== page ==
***Refer to Membership Guidebook for full details such as Waiting Periods, Pre-Existing Conditions, Limitations, and applicable ISA to all Sharing Services.

For more answers to your frequently asked questions, including What is a health sharing ministry?” visit our Knowledge Base!

What's the Difference Between Urgent Care and ER? | Information for Members of OneShare Health Christian Health Share

Enroll in OneShare’s Complete Program and start receiving the most comprehensive health cost-sharing features!

What is a health sharing ministry, and is OneShare Health legit? Simple: With Membership Programs like our Complete Program, OneShare Health is on the move to provide affordable, comprehensive, and Faith-based health care to all of our brothers and sisters in Christ. Join our Complete Program today!

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“For we are his workmanship, created in Christ Jesus for good works, which God prepared beforehand, that we should walk in them.”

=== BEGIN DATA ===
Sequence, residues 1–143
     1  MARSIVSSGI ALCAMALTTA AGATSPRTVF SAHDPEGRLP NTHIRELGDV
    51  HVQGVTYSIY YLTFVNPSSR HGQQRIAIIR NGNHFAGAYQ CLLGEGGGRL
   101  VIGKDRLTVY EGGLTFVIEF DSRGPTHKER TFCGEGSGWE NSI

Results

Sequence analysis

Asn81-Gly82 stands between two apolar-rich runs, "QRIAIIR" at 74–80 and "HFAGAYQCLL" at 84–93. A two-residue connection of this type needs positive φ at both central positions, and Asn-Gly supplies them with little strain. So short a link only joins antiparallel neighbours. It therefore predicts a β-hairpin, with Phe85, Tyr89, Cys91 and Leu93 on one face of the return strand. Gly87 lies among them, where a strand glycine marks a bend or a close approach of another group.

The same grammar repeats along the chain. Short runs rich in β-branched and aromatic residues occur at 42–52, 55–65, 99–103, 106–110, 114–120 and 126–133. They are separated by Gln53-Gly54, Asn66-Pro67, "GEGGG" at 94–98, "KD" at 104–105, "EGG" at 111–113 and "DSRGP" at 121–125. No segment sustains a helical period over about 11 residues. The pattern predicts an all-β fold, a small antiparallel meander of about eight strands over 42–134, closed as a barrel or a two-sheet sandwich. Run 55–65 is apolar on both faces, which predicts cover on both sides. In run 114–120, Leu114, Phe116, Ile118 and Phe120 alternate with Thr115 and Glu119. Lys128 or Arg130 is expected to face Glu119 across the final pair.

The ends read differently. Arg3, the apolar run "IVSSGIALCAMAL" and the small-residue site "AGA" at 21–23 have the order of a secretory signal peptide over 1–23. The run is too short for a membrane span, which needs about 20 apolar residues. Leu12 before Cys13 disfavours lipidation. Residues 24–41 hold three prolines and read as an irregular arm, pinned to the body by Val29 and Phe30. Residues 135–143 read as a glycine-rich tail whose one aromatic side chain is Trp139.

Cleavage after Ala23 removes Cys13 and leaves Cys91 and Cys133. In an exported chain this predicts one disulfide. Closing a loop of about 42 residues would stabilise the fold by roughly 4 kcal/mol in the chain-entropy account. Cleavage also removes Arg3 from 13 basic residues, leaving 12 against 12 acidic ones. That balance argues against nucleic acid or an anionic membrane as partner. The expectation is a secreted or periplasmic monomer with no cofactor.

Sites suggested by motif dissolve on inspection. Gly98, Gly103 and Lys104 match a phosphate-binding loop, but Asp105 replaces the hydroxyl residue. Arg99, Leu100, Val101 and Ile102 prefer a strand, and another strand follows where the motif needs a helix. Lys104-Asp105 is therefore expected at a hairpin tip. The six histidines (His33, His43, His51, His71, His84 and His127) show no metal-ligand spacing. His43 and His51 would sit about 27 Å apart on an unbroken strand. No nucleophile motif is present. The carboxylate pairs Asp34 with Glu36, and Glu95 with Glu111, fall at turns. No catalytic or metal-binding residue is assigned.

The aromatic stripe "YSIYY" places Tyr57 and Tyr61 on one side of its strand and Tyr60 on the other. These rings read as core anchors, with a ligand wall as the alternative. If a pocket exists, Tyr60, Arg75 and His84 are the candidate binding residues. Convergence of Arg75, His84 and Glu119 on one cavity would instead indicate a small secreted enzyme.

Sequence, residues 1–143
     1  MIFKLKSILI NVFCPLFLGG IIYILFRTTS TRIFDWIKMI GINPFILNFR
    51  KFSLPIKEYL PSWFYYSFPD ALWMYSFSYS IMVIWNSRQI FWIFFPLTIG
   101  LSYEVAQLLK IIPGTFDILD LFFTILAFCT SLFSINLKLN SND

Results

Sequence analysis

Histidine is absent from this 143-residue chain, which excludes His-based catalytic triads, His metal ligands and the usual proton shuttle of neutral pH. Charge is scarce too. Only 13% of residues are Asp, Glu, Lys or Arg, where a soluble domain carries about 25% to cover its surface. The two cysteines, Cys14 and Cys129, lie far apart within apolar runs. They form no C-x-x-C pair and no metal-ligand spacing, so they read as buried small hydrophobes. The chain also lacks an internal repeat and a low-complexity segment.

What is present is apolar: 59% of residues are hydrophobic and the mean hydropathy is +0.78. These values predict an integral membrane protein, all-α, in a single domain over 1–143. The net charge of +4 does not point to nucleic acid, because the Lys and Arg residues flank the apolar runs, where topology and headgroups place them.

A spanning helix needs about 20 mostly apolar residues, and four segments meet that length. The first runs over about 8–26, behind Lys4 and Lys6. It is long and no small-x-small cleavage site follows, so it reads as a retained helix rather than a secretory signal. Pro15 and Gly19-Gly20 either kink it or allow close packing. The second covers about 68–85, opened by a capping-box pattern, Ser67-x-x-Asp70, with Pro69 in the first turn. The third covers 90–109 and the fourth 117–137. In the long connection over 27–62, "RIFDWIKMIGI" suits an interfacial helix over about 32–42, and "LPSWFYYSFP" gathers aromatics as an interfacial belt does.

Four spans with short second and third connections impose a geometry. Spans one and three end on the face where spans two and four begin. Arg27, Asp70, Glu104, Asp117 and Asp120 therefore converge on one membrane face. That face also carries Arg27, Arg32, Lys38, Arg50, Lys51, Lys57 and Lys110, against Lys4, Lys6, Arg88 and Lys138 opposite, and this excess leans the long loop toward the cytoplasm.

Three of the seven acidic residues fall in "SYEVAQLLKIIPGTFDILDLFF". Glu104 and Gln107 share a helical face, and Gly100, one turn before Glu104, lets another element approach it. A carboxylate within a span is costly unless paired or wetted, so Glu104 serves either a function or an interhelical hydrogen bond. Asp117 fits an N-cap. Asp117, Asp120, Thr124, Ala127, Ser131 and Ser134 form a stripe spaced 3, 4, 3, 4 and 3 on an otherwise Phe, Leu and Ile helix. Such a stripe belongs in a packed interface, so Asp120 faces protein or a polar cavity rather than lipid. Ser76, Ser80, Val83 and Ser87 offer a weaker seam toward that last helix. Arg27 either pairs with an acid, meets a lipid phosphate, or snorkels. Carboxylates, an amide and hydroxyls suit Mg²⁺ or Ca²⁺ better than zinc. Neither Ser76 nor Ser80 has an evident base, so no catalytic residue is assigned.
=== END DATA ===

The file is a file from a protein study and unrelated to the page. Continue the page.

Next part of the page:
Ephesians 2:10 (ESV) 

Health Care Cost Sharing Ministries | What's the Difference Between Urgent Care and ER?

 

ONESHARE HEALTH, LLC (ONESHARE) IS NOT AN INSURANCE COMPANY BUT A RELIGIOUS HEALTH CARE SHARING MINISTRY (HCSM) THAT FACILITATES THE SHARING OF MEDICAL EXPENSES AMONG MEMBERS. As with all HCSMs under 26 USC § 5000A(d)(2)(B)(ii), OneShare’s members are exempt from the ACA individual mandate. OneShare does not assume any legal risk or obligation for payment of member medical expenses. Neither OneShare nor its members guarantee or promise that medical bills will be paid or shared by the membership. Available nationwide, but please check https://www.onesharehealth.com/legal-notices for the most up to date state availability listing. 

 

Enrollment in OneShare is not a contract for insurance. Participation in OneShare is voluntary. Enrollment as a OneShare member is voluntary, and the sharing of monetary contributions is voluntary. You are free to cancel your membership at any time. OneShare requests that a voluntary sharing contribution be made for each month you are enrolled, to facilitate the sharing of requests published on behalf of other members. 

Health Care Cost Sharing Ministries | What's the Difference Between Urgent Care and ER?